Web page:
We use cookies for site personalization and analytics. You can opt out of third party cookies. More info in our privacy policy.   Got it

Blowin' In The Wind

Nuclear Weapons
Nuclear Power
United States

new internationalist
issue 198 - August 1989

Blowin' in the wind
The nuclear industry says the peacetime use of the atom is safe.
But that's not what those who live beside the reactors
are saying. Ellen Hosmer tells the story.

Tom Bailie has lived near the Hanford Nuclear Weapons plant in Washington State all his life. But until a few years ago it never occurred to him that his neighbor was slowly poisoning him and his family. His father and mother had cancer, grandparents on both sides of the family had cancer, his two sisters had cancer. He was born with birth defects and has thyroid disease.

He is convinced the sprawling nuclear weapons complex that churns out plutonium for the nation's nuclear arsenal is fully to blame. Of the 28 farms downwind of the plant, 27 have had cancer, heart disease, miscarriages and genetic abnormalities.

Today, the nuclear weapons industry is big business: 20 facilities employ 90,000 people, with a budget over eight billion dollars a year. But the system is in trouble. Aging reactors have contaminated workers, local residents and the environment. There are nearly 2,000 waste sites at weapons facilities, many for radioactive material.

Most of the reactors producing weapons-grade materials were built in the 1950s. In the last several years they've been plagued with problems. The Savannah River plant in South Carolina and the Hanford plant, two of the major plutonium and tritium producing sites, have both had reactors shut down.

In one of the worst examples of recklessness, the Hanford plant released massive quantities of a radioactive isotope of iodine into the air between 1944 and 1956. The information was divulged by the Department of Energy (DOE) only after a local citizens group sued under the Freedom of Information Act. Another release was conducted just to see what it looked like, so similar Soviet experiments could be monitored. Officials tracked the radioactivity as it spread over the population, but gave no warnings and acknowledged no health problems.

'They did deliberate research on us,' said Bailie. 'Somebody should be brought up on manslaughter charges.'

For the 'downwinders', as they came to be known, the releases were devastating. According to the Atlanta-based Center for Disease Control, the risk of thyroid cancer for the 20,000 to 30,000 children in the area has increased between five and 15 times.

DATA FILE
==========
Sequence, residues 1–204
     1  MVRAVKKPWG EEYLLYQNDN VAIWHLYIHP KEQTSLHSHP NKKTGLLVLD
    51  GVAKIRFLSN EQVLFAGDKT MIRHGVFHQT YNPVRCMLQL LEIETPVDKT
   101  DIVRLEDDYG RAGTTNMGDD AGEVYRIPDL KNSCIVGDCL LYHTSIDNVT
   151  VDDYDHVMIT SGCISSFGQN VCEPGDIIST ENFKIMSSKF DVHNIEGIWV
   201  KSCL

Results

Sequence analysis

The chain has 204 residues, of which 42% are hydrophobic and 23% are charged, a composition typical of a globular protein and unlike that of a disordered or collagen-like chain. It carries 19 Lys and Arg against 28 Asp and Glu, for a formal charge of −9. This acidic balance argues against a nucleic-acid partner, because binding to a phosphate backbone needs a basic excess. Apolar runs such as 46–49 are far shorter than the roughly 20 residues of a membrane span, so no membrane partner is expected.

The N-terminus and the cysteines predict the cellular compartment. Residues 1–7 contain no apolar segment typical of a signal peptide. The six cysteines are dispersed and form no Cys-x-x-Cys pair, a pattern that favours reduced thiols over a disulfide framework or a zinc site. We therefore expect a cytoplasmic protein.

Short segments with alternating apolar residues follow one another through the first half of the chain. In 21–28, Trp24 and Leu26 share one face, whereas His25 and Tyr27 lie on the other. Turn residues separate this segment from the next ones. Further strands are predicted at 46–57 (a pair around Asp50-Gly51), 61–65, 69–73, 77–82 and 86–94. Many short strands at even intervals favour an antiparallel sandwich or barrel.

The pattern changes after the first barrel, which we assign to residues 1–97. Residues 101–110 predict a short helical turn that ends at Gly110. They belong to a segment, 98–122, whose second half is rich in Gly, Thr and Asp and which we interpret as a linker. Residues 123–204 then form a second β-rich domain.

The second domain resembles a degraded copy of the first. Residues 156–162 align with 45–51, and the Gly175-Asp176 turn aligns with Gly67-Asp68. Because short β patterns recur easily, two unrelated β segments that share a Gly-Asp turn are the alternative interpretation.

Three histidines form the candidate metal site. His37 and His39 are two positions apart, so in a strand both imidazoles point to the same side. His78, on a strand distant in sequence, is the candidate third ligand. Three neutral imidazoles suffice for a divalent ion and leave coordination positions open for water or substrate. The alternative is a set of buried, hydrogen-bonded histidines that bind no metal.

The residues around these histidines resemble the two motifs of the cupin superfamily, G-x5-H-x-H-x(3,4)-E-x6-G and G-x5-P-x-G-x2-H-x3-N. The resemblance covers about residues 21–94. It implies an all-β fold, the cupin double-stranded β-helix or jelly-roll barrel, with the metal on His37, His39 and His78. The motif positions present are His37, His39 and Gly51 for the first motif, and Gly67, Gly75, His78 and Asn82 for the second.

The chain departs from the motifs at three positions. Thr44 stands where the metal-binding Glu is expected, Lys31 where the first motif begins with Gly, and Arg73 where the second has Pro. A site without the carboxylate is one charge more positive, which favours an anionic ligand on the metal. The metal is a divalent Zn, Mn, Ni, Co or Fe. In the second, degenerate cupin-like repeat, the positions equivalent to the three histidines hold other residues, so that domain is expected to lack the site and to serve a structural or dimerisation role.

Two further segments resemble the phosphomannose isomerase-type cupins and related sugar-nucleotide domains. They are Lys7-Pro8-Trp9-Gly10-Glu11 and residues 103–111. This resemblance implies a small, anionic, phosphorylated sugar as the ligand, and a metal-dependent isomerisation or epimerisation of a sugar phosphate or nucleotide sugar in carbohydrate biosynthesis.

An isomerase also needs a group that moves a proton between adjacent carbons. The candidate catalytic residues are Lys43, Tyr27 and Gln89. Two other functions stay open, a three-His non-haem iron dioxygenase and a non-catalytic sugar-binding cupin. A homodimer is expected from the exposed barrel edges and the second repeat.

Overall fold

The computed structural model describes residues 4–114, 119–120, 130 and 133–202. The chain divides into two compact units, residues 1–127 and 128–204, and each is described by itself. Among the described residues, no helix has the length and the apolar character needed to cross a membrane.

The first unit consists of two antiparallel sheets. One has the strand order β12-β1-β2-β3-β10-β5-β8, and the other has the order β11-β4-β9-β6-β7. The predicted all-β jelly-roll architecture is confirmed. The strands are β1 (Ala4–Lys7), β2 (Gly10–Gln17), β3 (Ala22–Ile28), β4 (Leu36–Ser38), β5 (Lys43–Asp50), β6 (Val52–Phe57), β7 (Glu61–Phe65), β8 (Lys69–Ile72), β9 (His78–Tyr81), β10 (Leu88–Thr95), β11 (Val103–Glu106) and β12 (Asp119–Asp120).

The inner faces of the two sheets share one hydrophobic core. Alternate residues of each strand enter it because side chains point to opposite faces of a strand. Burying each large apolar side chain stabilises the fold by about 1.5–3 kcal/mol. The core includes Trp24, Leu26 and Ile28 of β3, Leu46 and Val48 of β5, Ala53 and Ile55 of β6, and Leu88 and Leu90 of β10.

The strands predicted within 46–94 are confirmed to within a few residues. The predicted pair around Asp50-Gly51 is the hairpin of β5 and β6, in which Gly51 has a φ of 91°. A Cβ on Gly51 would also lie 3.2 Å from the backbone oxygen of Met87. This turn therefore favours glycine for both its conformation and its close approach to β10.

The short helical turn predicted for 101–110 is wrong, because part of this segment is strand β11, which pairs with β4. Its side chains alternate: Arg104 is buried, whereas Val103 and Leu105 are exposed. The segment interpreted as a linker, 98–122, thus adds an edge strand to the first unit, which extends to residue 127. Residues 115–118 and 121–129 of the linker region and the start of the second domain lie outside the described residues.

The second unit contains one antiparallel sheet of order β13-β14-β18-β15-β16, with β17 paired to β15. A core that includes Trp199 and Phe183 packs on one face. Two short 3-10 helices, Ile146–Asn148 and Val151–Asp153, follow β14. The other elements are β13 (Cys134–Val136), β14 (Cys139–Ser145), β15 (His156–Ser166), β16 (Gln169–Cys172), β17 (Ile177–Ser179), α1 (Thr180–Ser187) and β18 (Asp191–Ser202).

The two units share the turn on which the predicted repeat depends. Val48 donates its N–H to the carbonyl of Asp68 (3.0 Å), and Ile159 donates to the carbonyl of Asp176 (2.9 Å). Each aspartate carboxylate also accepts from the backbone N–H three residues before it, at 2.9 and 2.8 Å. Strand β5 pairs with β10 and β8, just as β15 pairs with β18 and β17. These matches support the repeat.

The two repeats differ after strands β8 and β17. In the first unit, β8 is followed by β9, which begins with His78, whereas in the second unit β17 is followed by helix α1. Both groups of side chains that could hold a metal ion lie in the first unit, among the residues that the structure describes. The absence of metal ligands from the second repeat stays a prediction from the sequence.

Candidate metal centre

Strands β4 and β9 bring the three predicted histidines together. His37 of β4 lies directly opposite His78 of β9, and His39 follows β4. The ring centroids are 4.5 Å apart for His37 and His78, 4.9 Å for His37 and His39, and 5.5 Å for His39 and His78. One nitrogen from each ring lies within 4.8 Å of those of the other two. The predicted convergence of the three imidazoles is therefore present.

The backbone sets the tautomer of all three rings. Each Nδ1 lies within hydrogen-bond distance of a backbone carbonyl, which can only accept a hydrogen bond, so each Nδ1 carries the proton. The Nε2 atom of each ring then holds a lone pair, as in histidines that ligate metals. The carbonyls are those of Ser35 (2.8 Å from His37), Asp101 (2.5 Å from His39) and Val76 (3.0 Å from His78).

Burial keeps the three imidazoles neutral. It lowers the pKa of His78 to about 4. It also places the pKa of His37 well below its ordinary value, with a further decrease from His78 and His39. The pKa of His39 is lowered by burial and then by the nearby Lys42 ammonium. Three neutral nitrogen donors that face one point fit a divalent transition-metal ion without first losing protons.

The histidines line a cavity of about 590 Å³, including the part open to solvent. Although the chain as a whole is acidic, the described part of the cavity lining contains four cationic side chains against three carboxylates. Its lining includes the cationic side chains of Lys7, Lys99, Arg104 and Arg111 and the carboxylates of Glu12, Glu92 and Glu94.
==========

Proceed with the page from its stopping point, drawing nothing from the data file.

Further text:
At other sites there have been similar releases and similar cover-ups. Some of the worst have been at the Feed Materials Production Center in Fernald, Ohio. The DOE and its contractor released 297,000 pounds of uranium and dumped huge amounts of radioactive waste into the environment. Water supplies have been contaminated.

Cleaning up and decontaminating the sites may be one of the most costly defense expenditures in history. Already the Department of Energy agrees it will take over $100 billion and some 50 years. There are over 1,000 dump sites at the Hanford plant alone. Some 200 billion gallons of radioactive wastes have been dumped in open ponds. Frances Hart of the local watchdog group, Energy Research Foundation, says the Savannah River clean-up will take $24 billion.

Cancer clusters around nuclear power reactors (as opposed to weapons plants) have long been recognized but little analyzed. Around the infamous Sellafield Nuclear Fuel Reprocessing Site in the UK, there has been a ten-fold increase in leukemia deaths and an almost four-fold increase in deaths from other cancers.

In the US, the Massachusetts Department of Public Health found disturbing results when it looked at cancer rates around the Pilgrim Nuclear Power Plant in Plymouth. The leukemia rate for men was 76 per cent above the State average.

Grassroots groups representing communities near reactors have sprung up all over the US. And they all have similar demands. First, they want a clear assessment of the health risks; but more importantly they want independent committees with plenty of citizen participation to oversee the nuclear weapons industry. Residents no longer trust the Department of Energy.

'If a foreign power knowingly and deliberately dumped hundreds of tons of radioactive uranium into the air, and thousands of pounds of uranium waste into the groundwater, we would surely call that an act of chemical and radiological warfare,' says Physicians for Social Responsibility. 'It is difficult to understand why it is permissible for an agency of the US Government to do the same thing to its own citizens.'

Ellen Hosmer works with Multinational Monitor.

previous page choose a different magazine go to the contents page go to the NI home page next page

Subscribe   Ethical Shop